September 6, 2005

News You Might Have Missed

Important but underreported news from around the world — tell a friend!

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QUOTED: “People here don’t get involved. They put [polluting] things out there and see who puts up the least resistance.”

— Debbie Carlin, a Seattle-area homeowner who, like many poor and minority Americans, lives near industrial pollution.
(Story #12, below.)

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TOP STORIES
[o1] “Farmers protest over alleged lead poisoning”
[o2] “Talk host fired over comments on Islam”
[o3] “Peru’s glaciers in retreat”

WORLD
[o4] “Digging for ‘tainted gold’ in Congo”
[o5] “Government moves job guarantee bill for rural areas”
[o6] “Swedish library to let visitors borrow living people”
[o7] “Army joins parade for Gay Pride”

NATION
[o8] “Stories differ in rave raid; court may decide”
[o9] “Court sides with Navy in dispute over abortion”

MEDIA
[10] “Chad: Journalists stop the presses”
[11] “Canadian broadcasters wage labor war on the Web”

HEALTH
[12] “Toxic burden for poor, minorities”
[13] “Leap in hospital infections”
[14] “City loses state contract to inspect area plants for bad air”
[15] “Seven families file suit over poor air quality”

VIEWPOINT
[16] “Gaza disengagement coverage splintered by factional views online”
[17] “Abu Ghraib general lambastes Bush administration”
[18] “The whiteness of Wi-Fi”

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TOP STORIES

Top

[o1]

“Farmers protest over alleged lead poisoning”
China Daily, August 25, 2005

Village riots and allegations of poisoning prompted the Chinese government to test the soil around a battery factory.

[o2]

“Talk host fired over comments on Islam”
Washington Times, August 23, 2005

A conservative radio host was fired for calling Islam a “terrorist organization,” and refusing to apologize.

[o3]

“Peru’s glaciers in retreat”
BBC (U.K.), August 25, 2005

Most Peruvian glaciers will disappear by 2015, leaving people without water for hydroelectricity, crops or sustenance.

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WORLD

Top

[o4]

“Digging for ‘tainted gold’ in Congo”
Christian Science Monitor, August 25, 2005

As Congo’s war recedes, ex-militia members and children head back to the mines, where they are paid in buckets of mud.

[o5]

“Government moves job guarantee bill for rural areas”
Indo-Asian News Service, August 19, 2005

A bill passed by Sonia Gandhi’s party guarantees 100 days of labor at a fixed wage to every poor rural household in India.

[o6]

“Swedish library to let visitors borrow living people”
Associated Press, August 19, 2005

A Swedish library will “loan out” a lesbian, a gypsy, a blind man and others to people curious about stereotyping.

[o7]

“Army joins parade for Gay Pride”
BBC (U.K.), August 27, 2005

Britain’s Royal Air Force joined Manchester’s gay pride parade to boost recruitment; the ban on gays in the military ended in 2000.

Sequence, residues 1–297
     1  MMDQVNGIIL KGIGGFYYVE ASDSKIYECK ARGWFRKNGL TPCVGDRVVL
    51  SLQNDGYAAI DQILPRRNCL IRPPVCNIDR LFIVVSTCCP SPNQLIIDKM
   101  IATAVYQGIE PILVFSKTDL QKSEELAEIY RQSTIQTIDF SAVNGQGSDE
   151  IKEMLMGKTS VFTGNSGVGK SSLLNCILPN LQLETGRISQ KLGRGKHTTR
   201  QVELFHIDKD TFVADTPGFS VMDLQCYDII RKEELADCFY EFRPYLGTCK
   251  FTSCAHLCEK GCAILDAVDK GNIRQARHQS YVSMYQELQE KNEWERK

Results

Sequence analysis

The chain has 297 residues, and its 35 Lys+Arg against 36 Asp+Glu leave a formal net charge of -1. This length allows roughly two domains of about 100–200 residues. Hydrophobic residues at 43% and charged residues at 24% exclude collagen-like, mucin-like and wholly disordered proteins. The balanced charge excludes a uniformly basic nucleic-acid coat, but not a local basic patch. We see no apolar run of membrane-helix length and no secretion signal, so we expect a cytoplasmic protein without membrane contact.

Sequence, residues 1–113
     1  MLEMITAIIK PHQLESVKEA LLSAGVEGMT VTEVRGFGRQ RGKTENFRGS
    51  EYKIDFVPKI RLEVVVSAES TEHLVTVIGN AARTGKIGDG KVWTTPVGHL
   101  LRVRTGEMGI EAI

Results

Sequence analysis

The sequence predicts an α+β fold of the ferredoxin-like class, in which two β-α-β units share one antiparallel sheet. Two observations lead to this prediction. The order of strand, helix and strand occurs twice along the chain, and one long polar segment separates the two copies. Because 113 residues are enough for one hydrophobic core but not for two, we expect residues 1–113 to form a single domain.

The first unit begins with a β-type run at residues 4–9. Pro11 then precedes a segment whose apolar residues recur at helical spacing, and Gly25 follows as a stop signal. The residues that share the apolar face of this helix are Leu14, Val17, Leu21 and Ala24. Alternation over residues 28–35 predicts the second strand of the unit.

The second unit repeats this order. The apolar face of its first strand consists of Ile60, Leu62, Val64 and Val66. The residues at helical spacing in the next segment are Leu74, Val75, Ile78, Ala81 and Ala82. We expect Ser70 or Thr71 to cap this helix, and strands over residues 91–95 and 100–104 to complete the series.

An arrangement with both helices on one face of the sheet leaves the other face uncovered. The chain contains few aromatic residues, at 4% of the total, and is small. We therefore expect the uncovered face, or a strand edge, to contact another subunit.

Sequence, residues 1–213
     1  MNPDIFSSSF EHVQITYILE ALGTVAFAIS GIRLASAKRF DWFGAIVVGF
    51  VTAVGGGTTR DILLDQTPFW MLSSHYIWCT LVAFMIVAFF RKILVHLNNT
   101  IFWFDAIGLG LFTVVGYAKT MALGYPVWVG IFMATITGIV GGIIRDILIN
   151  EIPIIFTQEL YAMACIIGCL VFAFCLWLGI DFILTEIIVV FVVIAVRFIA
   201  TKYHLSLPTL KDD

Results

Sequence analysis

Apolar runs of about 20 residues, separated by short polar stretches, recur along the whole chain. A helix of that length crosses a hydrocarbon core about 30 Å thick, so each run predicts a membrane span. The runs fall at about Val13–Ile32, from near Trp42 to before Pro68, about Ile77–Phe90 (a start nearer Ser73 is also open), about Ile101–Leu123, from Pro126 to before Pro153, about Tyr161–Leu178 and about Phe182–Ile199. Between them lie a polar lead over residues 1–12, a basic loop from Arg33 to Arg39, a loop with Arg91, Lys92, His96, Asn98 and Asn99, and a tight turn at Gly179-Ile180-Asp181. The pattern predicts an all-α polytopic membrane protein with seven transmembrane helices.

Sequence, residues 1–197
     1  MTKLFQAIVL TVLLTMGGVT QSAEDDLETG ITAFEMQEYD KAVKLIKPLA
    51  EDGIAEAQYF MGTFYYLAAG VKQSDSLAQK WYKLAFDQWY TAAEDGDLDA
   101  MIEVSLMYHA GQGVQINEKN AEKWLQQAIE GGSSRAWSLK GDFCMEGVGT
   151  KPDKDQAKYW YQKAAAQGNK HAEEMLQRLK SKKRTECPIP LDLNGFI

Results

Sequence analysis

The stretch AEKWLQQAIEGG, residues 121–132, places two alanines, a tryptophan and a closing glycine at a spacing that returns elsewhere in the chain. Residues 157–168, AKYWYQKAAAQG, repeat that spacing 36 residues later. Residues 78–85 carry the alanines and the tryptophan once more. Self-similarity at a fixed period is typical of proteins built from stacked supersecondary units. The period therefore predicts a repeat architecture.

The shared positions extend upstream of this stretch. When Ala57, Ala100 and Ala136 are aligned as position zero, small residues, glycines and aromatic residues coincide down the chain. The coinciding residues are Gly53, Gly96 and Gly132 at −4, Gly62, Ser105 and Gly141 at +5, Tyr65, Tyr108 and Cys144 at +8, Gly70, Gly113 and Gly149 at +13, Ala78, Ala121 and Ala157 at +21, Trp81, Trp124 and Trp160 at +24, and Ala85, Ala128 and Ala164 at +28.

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NATION

Top

[o8]

“Stories differ in rave raid; court may decide”
KUTV.com (U.T.), August 23, 2005

Party organizers in Utah may sue police for busting a rave they say had permits, and for beating partygoers with nightsticks.

[o9]

“Court sides with Navy in dispute over abortion”
Seattle Post-Intelligencer, August 19, 2005

A court upheld the military’s refusal to pay for a sailor’s wife’s abortion, citing a ban on federal funding for the procedure.

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MEDIA

Top

[10]

“Chad: Journalists stop the presses”
Integrated Regional Information Networks (U.N.), August 22, 2005

Eight newspapers and several radio stations in Chad are on strike to protest the arrest of journalists critical of the government.

[11]

“Canadian broadcasters wage labor war on the Web”
CNET News.com, August 22, 2005

Unionized journalists locked out of Canada’s national radio company in a labor dispute are launching an alternative news Web site.

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HEALTH

Top

[12]

“Toxic burden for poor, minorities”
Seattle Post-Intelligencer, August 26, 2005

Activists say millions will be harmed by cuts to an EPA program addressing the connection between pollution, race and income.

[13]

“Leap in hospital infections”
Telegraph (U.K.), August 27, 2005

A new “superbug” that resists treatment or disinfection is killing elderly British hospital patients.

[14]

“City loses state contract to inspect area plants for bad air”
Houston Chronicle, August 23, 2005

A labor dispute will prevent inspectors from working with Houston-area industrial plants to improve air quality.

[15]

“Seven families file suit over poor air quality”
Seattle Times, August 25, 2005

A group of Seattle-area families are suing their housing developer for using fiberglass insulation that they say has made them sick.

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VIEWPOINT

Top

[16]

“Gaza disengagement coverage splintered by factional views online”
Online Journalism Review, August 23, 2005

A look at Israeli and Palestinian bloggers’ takes on the Gaza evacuation reveals both bias and nuance, writes Mark Glaser.

[17]

“Abu Ghraib general lambastes Bush administration”
Truthout, August 24, 2005

Abu Ghraib supervisor Janis Karpinski says Donald Rumsfeld’s office knew about detainee torture and manipulated the investigation.

[18]

“The whiteness of Wi-Fi”
In These Times, August 23, 2005

Telecom companies are fighting free wireless access for poor and minority neighborhoods, prompting calls for media reform.

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Editor: Julia Scott

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